They may be man’s best friend, but dogs have little to thank humans for it seems. Research suggests the domesticated pets can’t solve problems as well as their wild cousins because living with us has made them ‘incapable of thinking for themselves.’ In tests, experts presented a ‘puzzle box’ containing food to a group of dogs, and a group of wolves and while the wolves were capable of breaking inside, the dogs looked to humans for help.
Instead they showed signs of look to the humans for some guidance on what they should do. Dr Monique Udell, an animal behaviour researcher at Oregon State University who conducted the study, said humans appear to have conditioned the animals to not think for themselves. The results may explain why dogs so often seem to get themselves into a tangled mess with their lead or get their heads stuck in railings or inside boxes.
Dr Udell said: ‘Wolves may have more opportunities for independent problem-solving within their environment, and a greater history of success obtaining trapped food independently owing to their relative strength.
‘Consequently, dogs’ behaviour may be the product of conditioned dependence on humans, or conditioned inhibition of independent problem-solving behaviour when confronted with a novel task.’
Dr Udell gave 10 wolves, 10 pet dogs and 10 shelter dogs a clear box containing a piece of sausage. To get inside, the dogs needed to pull off the lid using a length of rope. They were presented with the puzzle both when a familiar human was present and when the human was not absent.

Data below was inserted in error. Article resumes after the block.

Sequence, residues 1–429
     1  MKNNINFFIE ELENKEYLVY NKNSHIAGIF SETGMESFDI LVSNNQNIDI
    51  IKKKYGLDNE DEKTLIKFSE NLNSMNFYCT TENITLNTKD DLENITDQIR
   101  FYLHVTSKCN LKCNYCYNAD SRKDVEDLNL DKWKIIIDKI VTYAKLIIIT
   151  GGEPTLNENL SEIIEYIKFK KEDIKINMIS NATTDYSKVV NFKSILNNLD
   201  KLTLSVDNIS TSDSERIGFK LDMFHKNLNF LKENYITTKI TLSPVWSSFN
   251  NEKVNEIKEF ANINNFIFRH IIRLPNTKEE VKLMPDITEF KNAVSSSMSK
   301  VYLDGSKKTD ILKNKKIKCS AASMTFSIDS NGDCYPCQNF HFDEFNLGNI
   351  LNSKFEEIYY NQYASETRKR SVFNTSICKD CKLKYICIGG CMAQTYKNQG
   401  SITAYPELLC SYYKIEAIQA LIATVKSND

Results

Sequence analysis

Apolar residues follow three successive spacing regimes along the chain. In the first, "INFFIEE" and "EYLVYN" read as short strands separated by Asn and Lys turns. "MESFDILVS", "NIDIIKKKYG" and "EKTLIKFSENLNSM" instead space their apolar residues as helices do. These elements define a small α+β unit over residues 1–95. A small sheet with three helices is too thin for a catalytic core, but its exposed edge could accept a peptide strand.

They were additionally given two minutes each to get inside the box. Eight of the 10 wolves managed to solve the puzzle and eat the snack while just one of the 20 dogs managed the problem. Dr Udell, whose work is published in the Royal Society journal Biology Letters, said the wolves tended to be more persistent than the dogs.
When encouraged by a human, the dogs had more contact with the puzzle but only a moderate increase in success. Dr Udell said it appears dogs have adopted a strategy that matches their lifestyle – where humans will often do things for them.
‘Social sensitivity appears to play an important role in pet and shelter dogs’ willingness to engage in problem-solving behaviour, which could suggest generalized dependence on, or deference to, human action,’ she said.
‘While an increased proclivity for looking at humans may represent a cognitive shift in dogs compared with wolves, it does not necessarily suggest cognitive advancement.